22. Loraux (1987), esp. chapter 1.

23. Seneca's debates of course bear a relationship to the agōnes of Greek tragedy, but I suggest that for the Roman dramatist they are a more important tool and one deployed more often. Seneca's training in adversative rhetoric thanks to his father, author of the Controversiae, is only the most obvious aspect of his tendency towards binarism.

24. See Mouflard (1963), 239, on Garnier's Ismène, who is definitely more feisty than Sophocles’.

25. Beaudin (2010), 33, understands this very well when he writes that this method of contamination allowed Garnier to give his play greater scope than the Greek tragedy, by using the figure of the pious Antigone to unify the drama, through her devotion to her father (Act 1), to her mother (Acts 2 and 3), to her brothers and to the divine laws about respect towards the dead (Acts 4 and 5). On Seneca's contaminatio of multiple Greek sources in his Oedipus, see the paper by DeBrohun in this volume.

26. Dobby-Poirson (2006), 225. She uses the phrase ‘misère extrême.’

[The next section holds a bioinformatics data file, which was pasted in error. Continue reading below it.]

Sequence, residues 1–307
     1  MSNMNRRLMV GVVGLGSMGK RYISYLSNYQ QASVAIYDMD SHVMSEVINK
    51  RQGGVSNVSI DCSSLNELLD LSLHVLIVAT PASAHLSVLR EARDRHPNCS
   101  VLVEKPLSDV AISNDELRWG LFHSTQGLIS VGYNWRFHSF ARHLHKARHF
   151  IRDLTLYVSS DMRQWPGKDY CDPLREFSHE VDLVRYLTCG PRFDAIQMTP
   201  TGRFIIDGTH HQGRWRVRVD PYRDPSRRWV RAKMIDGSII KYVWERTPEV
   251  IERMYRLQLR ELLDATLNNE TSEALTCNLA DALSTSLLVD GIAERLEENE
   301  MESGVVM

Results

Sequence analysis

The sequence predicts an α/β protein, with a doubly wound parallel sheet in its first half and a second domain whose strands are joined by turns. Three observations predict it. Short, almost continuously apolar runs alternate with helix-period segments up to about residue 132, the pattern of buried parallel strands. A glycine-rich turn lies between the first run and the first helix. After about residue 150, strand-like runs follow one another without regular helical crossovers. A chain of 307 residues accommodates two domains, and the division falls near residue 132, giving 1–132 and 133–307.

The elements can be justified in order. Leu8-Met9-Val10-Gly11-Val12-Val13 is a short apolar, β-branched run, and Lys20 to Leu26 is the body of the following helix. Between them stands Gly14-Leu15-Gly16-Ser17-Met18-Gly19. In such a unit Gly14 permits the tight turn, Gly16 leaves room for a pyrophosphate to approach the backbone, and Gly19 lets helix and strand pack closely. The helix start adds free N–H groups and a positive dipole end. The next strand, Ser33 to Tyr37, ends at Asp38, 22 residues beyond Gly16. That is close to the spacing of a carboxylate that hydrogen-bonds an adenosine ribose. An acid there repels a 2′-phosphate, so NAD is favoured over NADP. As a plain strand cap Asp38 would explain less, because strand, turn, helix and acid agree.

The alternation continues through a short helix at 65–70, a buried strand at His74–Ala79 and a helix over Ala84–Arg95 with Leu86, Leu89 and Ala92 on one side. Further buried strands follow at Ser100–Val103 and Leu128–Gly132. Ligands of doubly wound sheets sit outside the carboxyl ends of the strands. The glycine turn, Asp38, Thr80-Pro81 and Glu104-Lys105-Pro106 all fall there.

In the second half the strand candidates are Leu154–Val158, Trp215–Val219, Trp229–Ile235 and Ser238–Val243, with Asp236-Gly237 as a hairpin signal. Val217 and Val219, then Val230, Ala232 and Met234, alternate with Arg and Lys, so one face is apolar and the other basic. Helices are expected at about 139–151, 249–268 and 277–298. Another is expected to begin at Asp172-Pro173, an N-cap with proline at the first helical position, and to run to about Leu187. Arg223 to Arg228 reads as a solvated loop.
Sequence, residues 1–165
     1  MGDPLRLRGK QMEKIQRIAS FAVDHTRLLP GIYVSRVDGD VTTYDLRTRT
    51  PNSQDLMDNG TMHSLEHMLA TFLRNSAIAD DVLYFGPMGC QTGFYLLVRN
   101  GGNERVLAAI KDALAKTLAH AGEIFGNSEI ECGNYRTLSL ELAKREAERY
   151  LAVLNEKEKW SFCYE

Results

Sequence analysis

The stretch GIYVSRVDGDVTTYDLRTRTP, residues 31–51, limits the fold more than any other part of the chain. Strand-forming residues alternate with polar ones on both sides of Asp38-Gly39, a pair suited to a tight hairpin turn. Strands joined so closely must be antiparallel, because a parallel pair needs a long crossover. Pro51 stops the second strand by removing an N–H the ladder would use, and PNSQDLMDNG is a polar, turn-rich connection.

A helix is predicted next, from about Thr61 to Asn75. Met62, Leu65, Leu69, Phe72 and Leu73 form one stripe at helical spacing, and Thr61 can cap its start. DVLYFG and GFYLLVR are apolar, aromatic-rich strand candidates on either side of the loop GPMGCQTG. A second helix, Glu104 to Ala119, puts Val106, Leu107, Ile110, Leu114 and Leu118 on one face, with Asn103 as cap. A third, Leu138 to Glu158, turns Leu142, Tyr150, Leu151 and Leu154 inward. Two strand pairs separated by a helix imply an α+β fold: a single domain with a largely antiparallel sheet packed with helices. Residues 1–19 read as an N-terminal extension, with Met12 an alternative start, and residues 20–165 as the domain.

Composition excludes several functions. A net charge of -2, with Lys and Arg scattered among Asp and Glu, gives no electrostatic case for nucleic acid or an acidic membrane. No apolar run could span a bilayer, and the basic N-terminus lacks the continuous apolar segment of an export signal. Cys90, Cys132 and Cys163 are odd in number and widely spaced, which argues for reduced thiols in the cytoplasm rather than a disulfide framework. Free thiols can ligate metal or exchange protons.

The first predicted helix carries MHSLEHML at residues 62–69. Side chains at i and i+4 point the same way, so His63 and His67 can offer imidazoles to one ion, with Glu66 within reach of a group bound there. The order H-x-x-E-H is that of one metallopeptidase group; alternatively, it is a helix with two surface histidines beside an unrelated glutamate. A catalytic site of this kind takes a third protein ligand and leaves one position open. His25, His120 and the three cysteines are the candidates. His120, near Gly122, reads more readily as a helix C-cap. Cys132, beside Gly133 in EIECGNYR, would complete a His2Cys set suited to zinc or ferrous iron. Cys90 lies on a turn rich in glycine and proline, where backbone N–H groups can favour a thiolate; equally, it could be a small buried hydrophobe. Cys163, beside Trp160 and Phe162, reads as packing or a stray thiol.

27. Dobby-Poirson (2006), 225.

28. Schmidt-Wartenberg (1888), 18: ‘Les tragédies de Sénèque étaient le dictionnaire duquel Garnier a tiré son langage pathétique.’

29. Jacquot (1964a), 290: ‘une série de tableaux pathétiques plutôt qu'une progression dramatique.’

30. Lebègue (1964), 88.

31. For valuable discussions of Garnier's Christianisation of his Roman source material, see Lebègue (1964) and the apt remarks of Jondorf (1969), 72f.

32. Steiner (1984), 138.

33. Ginsberg in this volume treats precisely the topic of civil war thematics in Seneca's Phoenissae.

34. The volume includes the Hercules Oetaeus and the Octavia.

35. On the opening scene see Wilson (2003), 2. On reworkings of Senecan material see the judicious position taken by Bacquet (1964). On the complexity of Gorboduc's Senecanism see Miola (1992) 11f.

36. Ker and Winston (2012), 58.

37. A.J. Boyle's discussion of the English play in his edition of Seneca's Oedipus (2011), c-civ identifies as particularly Senecan features the ghost scenes, the ‘verbal pyrotechnics,’ the focus on nature and its inversion, fate, and ‘fate's revelation through spectacular preternatural events.’ For a fuller version of the material here see Braund (2016), 108-16.